Grandfather presides over his rock family, strewn down a mountain hillside in Estes Park, Colorado.
I first met him twenty years ago, at a time when I needed inner support. He lovingly welcomed me into his rock family and we have been friends ever since.
Grandfather is an 8′ tall granite boulder with a bird-like beak. Each of his rock family members have their own unique personality – grandfather believes in life forms following their own personal paths in full freedom of expression. There are the collective family of smaller rocks – the stabile life forms of any community – and there are the standout stars. While each rock in the family is unique, they all blend together in harmony of community.
Below is a view from partway up the hill towards the top rocks where Grandfather and Grandmother exist.
When I first met Grandfather, I was moving through some major life transitions and uncertain how to proceed. I sat in that dark cubby you see to the right, under his watchful eye, and entered into meditation. Grandfather invited me into his inner family home and I sat surrounded and safe among this diverse family. They invited me to return to visit, from wherever I am, and I have often taken them up on this. They are my extended “Mountain High” family. They are – home.
Grandfather holds the high point on the mountain group. Just below him and to the right is Grandmother. Grandmother is very much the crone – stoic, patient and nurturing. She is babysitting a grandchild – a very playful porpoise-like youngster to the left of the image.
Children love to play among the rocks and each year I’ve visited, their forts have changed in design and location. One year they built over Grandmother. I was shocked at their disrespect and asked Grandmother how she felt about this. Like a true loving Grandmother with grandkids scrambling about her feet, she responded that she rather enjoyed the change and all the joyful energy the children brought. I realized then that while the children played, she was flooding their little energies with the love of nature for humans, something the children will long remember after they are grown….
Strewn below this couple are the members of their community. You can see some of them below. I have written about various members in other blogs. They are each well developed beings with their own unique perspective.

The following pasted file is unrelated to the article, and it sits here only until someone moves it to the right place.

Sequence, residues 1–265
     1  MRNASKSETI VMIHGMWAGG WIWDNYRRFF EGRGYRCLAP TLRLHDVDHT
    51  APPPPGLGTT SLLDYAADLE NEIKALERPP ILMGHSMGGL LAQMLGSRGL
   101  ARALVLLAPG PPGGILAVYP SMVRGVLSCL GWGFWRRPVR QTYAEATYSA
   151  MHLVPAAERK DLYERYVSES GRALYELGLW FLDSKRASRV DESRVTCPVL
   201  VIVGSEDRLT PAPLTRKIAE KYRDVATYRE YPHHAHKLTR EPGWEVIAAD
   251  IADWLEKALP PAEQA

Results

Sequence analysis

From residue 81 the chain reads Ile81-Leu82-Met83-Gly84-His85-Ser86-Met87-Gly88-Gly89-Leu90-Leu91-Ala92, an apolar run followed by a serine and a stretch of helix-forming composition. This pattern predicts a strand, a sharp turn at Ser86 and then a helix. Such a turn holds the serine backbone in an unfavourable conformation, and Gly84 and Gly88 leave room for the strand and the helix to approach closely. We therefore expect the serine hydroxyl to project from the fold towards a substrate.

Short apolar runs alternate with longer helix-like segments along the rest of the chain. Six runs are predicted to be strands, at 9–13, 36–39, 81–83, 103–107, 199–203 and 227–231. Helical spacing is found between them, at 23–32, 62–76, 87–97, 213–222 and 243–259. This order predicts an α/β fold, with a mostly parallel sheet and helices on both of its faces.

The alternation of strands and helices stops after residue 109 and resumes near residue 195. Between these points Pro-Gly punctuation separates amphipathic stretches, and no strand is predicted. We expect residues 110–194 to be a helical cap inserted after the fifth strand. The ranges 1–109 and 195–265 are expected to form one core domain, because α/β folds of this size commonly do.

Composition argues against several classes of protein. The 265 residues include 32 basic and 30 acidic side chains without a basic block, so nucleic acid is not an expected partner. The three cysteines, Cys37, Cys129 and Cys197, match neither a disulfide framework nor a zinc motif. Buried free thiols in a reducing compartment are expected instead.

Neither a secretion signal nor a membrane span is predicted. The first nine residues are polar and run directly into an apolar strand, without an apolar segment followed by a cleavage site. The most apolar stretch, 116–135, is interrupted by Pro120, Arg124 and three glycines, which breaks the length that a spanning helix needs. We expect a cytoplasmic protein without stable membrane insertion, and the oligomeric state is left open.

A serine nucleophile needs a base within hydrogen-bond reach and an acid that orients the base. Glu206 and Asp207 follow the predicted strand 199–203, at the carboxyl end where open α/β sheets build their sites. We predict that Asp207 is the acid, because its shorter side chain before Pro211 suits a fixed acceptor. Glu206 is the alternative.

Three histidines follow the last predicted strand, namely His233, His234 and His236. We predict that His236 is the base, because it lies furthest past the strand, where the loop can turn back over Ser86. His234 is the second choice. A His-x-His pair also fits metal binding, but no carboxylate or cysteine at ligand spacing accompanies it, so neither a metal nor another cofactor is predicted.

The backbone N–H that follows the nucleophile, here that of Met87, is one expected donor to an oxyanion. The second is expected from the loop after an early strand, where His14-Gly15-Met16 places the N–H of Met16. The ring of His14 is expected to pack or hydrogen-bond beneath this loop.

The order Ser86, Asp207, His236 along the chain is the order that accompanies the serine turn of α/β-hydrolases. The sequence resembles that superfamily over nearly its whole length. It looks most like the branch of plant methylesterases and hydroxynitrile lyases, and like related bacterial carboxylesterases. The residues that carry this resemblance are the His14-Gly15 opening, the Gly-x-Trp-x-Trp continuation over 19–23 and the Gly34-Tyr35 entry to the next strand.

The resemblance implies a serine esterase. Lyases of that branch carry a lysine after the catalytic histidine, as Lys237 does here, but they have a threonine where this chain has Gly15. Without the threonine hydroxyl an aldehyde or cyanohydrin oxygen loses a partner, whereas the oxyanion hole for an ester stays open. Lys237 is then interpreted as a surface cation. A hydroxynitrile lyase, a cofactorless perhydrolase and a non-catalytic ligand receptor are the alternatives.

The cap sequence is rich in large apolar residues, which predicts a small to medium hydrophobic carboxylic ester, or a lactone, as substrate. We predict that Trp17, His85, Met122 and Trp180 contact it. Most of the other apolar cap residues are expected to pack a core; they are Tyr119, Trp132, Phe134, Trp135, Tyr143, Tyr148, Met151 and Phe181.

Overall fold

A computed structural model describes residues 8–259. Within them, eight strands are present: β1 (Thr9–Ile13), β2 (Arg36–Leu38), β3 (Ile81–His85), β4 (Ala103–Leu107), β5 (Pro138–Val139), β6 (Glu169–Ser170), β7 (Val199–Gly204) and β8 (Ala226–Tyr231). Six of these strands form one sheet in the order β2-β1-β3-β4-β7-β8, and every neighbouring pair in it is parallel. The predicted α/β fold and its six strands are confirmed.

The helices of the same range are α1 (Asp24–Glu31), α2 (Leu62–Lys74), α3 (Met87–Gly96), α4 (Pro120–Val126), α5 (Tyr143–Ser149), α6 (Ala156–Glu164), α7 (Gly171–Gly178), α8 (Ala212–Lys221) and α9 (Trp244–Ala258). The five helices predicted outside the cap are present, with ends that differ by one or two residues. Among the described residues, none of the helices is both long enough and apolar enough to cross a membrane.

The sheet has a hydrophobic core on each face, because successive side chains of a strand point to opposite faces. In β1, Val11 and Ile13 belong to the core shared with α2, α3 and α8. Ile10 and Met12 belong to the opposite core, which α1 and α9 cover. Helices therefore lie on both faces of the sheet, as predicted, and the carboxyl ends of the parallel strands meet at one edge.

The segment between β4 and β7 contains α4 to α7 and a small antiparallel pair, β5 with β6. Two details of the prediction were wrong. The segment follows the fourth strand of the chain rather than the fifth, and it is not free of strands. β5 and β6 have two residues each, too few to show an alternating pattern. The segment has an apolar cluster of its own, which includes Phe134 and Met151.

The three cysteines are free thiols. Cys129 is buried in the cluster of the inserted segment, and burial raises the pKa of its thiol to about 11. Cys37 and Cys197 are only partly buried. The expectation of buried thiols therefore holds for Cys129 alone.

Over the centuries, this community has seen various uses. It has been a sacred gathering ground for native peoples and there is a large flat rock that served as an altar. Today it is part of the property belonging to the YMCA of the Rockies – a popular vacation and conference site.
Below are some other members of Grandfather’s family.
The large-eared elephant rock is part of a family complex of rocks strewn along a mountain hillside in Estes Park, CO. You can read more about elephant spirit in my blog on world-wide Elephant Strength.
Bully and His Wife
A stoic little warrior – brave even though small in size. He reminds me of the little fellow who accompanies the large heroes of a story – a side kick, brave though small and the one who often saves the day for his larger cohorts due to his pragmatic and crafty courage.
A grumpy old man and his much-abused wife. You can read about them in my blog Bully and His Wife
altar at Estes Park
This flat rock still has the energy of ancient harvest ceremonials. Today it is a gathering spot for youth. A counselor has built a fire stash in preparation for the evening’s ceremony.
Several visits and many years later, I knew I would not be returning as often to physically visit with my stone family. I stood in meditation, connecting with them in love and gratitude. When I came out of meditation, I felt compelled to look down at the ground by my feet – and found their physical response to me: a lichen-covered rock heart. It is an image I treasure.